It’s an albino, but we aren’t able to tell what strain it is.
Thank you! That is good to know. I didn’t know it was even an albino.
Welcome to the community! Your little guy looks very healthy! What is his name?
Thank you very much! Her name is Shadow! She is 18months old.
I’m sorry to ask what is probably a VERY dumb question, but wouldn’t an albino lack the dark pigment in the tail spots? And the eyes look dark to me, not like the reddish pink eyes I associate with albinism in general?
I like that name! I have a girl with a spotted head and tail but between that she is all yellow so I named her Pineapple!
Ahhhh! @cmills There is NO dumb question here! We learn from each other by asking questions! And I would like to know myself actually!
Since leopard geckos have multiple pigments, albino will remove 1 of them (melanin), allowing the others to show up. It’s hard to find information on pigmentation on leopard geckos, but red, oranges, and yellows can still show up, creating the brown-ish color. The brown is light since it doesn’t have melanin, so albinos will still show it. In a normal gecko, where black would normally be, there is brown on an albino instead because of the lack of melanin.
I would think that (I’m not sure) on a normal, the black places are where all of the pigments show up. On an albino, the melanin is missing. So the resulting brown is where all of the remaining pigments are combined.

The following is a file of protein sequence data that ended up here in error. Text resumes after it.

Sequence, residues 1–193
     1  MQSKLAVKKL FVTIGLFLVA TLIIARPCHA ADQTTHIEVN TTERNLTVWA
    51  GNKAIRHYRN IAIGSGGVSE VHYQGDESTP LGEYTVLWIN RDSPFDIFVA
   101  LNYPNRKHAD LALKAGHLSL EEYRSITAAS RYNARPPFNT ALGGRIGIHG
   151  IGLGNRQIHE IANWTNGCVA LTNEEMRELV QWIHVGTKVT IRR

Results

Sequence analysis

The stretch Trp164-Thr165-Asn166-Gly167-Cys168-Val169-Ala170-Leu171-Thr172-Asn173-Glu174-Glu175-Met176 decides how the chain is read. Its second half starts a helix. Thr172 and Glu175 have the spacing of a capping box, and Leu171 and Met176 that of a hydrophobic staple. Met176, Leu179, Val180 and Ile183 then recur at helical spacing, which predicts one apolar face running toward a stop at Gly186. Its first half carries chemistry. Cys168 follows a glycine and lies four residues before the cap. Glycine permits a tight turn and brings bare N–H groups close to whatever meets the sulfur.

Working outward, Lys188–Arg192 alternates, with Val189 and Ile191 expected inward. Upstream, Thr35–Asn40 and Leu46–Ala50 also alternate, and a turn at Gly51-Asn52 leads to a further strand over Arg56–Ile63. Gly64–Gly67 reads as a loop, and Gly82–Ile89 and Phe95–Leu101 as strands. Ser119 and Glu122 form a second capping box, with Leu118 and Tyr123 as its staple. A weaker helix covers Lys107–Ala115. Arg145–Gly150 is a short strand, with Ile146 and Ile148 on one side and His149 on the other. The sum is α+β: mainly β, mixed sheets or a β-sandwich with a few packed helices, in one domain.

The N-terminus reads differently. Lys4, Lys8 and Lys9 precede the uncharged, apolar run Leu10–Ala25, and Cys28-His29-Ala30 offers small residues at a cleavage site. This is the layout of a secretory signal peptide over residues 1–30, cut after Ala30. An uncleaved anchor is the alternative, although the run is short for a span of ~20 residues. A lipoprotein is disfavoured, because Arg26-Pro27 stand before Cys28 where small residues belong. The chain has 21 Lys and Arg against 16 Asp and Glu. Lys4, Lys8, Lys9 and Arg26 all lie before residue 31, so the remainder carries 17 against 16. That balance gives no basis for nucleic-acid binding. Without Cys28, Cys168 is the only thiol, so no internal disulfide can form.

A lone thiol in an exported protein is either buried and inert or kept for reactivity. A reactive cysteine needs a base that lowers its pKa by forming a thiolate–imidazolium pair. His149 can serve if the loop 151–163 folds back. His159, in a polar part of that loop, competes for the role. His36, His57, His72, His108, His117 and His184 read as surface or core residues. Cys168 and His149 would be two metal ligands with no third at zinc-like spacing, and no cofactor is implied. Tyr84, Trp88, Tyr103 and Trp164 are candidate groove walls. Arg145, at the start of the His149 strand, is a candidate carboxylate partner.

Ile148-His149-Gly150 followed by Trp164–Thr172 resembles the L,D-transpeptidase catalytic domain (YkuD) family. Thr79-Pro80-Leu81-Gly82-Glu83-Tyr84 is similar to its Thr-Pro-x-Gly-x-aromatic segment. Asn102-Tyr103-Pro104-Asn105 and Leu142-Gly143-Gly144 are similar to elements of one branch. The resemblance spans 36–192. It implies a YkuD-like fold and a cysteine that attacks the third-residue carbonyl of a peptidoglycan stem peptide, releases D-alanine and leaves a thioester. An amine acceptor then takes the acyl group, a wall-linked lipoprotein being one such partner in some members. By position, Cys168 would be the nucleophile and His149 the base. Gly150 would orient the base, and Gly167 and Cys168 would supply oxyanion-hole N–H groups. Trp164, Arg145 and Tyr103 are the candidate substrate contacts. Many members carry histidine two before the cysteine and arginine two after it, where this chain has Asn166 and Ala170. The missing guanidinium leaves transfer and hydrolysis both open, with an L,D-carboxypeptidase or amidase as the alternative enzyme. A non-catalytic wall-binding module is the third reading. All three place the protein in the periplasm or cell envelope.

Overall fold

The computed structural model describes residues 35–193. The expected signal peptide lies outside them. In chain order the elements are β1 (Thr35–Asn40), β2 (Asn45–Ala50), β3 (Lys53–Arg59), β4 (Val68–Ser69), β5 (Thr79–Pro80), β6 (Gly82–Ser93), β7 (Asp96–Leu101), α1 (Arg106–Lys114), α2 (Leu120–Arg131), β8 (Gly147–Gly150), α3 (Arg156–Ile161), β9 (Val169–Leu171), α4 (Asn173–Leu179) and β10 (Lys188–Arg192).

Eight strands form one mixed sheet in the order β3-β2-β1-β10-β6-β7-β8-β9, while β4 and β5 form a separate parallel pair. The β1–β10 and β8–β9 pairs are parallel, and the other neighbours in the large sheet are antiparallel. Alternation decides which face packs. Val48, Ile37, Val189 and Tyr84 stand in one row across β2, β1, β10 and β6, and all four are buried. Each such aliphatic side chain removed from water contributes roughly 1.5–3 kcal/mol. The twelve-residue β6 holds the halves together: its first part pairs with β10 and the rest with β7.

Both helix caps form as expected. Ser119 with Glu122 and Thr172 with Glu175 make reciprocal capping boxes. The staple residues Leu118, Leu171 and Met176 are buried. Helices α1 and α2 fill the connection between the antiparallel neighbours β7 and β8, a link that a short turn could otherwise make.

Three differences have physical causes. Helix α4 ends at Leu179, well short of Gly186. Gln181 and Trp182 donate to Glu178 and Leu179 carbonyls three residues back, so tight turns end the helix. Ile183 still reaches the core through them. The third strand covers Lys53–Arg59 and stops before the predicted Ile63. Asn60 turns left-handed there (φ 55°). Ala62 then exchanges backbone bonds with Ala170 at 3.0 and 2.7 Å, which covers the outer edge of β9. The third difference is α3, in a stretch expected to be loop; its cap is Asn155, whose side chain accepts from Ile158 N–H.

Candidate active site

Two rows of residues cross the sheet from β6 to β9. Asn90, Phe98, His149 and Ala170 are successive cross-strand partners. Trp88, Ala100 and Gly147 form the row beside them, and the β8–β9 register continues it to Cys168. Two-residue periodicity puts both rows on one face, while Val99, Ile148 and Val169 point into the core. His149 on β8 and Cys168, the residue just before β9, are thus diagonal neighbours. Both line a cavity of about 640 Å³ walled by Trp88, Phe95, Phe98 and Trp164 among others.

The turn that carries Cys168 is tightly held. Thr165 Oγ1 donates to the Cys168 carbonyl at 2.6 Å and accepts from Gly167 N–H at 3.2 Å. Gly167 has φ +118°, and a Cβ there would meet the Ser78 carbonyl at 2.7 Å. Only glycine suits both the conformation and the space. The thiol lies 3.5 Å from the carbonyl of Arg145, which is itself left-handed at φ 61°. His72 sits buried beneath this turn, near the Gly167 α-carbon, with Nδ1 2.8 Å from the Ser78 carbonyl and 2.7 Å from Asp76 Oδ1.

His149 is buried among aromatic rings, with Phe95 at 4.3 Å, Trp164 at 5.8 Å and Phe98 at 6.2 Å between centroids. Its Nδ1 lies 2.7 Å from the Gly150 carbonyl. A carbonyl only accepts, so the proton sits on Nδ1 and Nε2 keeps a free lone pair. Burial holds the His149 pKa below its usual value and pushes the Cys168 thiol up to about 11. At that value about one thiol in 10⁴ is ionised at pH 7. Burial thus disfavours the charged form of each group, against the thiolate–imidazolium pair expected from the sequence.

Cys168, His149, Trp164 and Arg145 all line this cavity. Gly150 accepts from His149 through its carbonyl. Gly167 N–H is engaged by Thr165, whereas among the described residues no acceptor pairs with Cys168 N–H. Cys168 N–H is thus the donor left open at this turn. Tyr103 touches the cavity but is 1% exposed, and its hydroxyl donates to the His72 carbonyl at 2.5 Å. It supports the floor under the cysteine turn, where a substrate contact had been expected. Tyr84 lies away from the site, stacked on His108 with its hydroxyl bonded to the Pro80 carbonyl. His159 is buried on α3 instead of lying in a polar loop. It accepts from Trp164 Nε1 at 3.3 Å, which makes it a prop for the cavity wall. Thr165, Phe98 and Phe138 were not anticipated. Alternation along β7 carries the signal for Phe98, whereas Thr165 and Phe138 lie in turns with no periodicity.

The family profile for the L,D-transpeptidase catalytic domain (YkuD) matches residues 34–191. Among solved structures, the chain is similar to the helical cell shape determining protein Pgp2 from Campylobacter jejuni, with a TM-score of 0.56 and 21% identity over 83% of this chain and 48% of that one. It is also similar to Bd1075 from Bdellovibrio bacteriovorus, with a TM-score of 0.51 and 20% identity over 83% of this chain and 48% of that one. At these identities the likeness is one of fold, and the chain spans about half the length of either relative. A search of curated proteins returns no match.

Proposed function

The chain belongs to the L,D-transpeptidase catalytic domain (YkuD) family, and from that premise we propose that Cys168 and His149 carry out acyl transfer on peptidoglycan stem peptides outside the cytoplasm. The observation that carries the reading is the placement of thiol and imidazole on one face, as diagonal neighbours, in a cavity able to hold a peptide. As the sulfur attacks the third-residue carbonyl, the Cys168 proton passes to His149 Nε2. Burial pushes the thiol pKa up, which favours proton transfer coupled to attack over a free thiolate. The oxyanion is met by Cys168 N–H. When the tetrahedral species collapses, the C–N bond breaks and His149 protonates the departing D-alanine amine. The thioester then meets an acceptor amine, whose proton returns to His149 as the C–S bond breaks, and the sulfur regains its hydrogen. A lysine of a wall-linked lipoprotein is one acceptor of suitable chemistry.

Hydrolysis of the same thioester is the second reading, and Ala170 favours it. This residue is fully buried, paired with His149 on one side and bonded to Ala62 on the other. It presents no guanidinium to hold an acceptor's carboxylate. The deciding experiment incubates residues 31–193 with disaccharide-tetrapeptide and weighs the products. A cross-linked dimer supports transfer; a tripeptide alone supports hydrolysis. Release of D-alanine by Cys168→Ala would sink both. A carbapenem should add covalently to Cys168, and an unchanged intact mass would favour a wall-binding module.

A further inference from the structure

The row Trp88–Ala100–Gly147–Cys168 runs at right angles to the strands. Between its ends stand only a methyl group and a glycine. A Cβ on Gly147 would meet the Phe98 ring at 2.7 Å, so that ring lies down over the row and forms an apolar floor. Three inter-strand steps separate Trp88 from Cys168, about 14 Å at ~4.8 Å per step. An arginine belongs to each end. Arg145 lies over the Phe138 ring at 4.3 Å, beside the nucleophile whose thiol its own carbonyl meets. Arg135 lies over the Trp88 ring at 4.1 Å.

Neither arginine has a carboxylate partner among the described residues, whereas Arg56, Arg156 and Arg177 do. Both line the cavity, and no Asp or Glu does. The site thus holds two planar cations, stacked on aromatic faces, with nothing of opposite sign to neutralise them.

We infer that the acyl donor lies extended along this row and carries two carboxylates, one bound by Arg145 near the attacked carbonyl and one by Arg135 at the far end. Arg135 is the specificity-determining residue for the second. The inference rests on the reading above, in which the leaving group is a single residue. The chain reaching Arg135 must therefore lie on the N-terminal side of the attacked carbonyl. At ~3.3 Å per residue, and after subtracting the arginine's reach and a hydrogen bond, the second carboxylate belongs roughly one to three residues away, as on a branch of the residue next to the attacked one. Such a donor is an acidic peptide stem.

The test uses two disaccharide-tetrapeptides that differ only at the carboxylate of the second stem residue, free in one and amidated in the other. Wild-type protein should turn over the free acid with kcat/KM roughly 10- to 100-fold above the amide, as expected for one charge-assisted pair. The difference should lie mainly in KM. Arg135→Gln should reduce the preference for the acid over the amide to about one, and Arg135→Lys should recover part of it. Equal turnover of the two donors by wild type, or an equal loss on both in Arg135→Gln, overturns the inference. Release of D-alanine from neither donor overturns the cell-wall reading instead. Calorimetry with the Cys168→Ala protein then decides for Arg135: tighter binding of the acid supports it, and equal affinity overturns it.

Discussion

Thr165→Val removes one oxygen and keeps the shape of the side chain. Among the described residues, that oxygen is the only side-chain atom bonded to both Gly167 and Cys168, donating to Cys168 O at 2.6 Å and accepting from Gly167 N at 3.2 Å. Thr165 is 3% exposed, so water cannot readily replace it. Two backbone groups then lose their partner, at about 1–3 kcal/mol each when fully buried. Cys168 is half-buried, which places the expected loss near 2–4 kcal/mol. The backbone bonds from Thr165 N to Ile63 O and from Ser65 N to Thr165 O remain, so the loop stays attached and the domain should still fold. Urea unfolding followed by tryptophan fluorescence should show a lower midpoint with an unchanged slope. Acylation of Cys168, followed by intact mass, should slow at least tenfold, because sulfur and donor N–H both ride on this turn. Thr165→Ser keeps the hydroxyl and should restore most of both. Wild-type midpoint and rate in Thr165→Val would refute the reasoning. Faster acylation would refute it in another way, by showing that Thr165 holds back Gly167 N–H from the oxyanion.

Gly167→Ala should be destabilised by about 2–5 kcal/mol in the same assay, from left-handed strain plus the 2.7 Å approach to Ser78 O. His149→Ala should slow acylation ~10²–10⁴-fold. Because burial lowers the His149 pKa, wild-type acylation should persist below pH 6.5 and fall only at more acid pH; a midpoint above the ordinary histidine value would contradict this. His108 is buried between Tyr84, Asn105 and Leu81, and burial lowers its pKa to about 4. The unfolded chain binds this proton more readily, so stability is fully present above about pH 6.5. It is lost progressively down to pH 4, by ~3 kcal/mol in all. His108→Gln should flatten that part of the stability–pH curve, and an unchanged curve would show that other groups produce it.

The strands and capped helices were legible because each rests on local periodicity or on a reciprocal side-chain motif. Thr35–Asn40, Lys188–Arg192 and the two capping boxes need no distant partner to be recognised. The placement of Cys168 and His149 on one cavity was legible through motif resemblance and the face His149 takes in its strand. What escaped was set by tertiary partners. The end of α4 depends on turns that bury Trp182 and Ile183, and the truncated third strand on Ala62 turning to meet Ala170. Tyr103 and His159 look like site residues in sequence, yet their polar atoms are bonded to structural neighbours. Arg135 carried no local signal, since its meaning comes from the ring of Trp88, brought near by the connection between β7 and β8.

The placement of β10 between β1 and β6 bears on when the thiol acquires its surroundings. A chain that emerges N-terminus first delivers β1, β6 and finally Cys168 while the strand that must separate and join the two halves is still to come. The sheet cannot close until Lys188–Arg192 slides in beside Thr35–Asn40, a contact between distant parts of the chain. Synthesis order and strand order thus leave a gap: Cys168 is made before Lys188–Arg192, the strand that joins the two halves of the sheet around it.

So would that make leo albinism more similar to amel or hypo in other morphs, or is that really not a fair genetic comparison?
Albino and amel similar in the fact that they remove a single pigment, and the result is (usually) the same pattern but missing that pigment. The only difference is that the pigment that is removed is different. I’ve heard that amel is a type of albino, and I’ve heard that it’s not, but it probably depends on the species (since a lot of morph names aren’t scientifically accurate).
I forgot to answer your other question about eyes. The pupils in my albinos are very dark red, almost black. So they appear to be black, but they are a very dark red.
Very cool, thank you!
I had also been wondering what exactly amel was, so thank you for shedding light on that! “A” generally means lack of, so I figured lack of melanin, but then I figured that basically meant albino so it was a gray area for me
This thread is very educational and interesting.
Thanks! You’re the best!